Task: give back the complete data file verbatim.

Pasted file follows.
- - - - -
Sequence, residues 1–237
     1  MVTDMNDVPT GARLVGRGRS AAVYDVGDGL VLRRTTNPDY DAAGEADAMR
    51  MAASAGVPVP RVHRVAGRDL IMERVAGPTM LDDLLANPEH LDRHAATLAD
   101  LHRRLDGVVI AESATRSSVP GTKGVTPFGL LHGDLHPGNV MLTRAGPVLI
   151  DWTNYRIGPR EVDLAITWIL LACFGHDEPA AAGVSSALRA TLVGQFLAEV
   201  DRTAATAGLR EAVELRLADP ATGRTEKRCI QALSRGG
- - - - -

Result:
Sequence, residues 1–237
     1  MVTDMNDVPT GARLVGRGRS AAVYDVGDGL VLRRTTNPDY DAAGEADAMR
    51  MAASAGVPVP RVHRVAGRDL IMERVAGPTM LDDLLANPEH LDRHAATLAD
   101  LHRRLDGVVI AESATRSSVP GTKGVTPFGL LHGDLHPGNV MLTRAGPVLI
   151  DWTNYRIGPR EVDLAITWIL LACFGHDEPA AAGVSSALRA TLVGQFLAEV
   201  DRTAATAGLR EAVELRLADP ATGRTEKRCI QALSRGG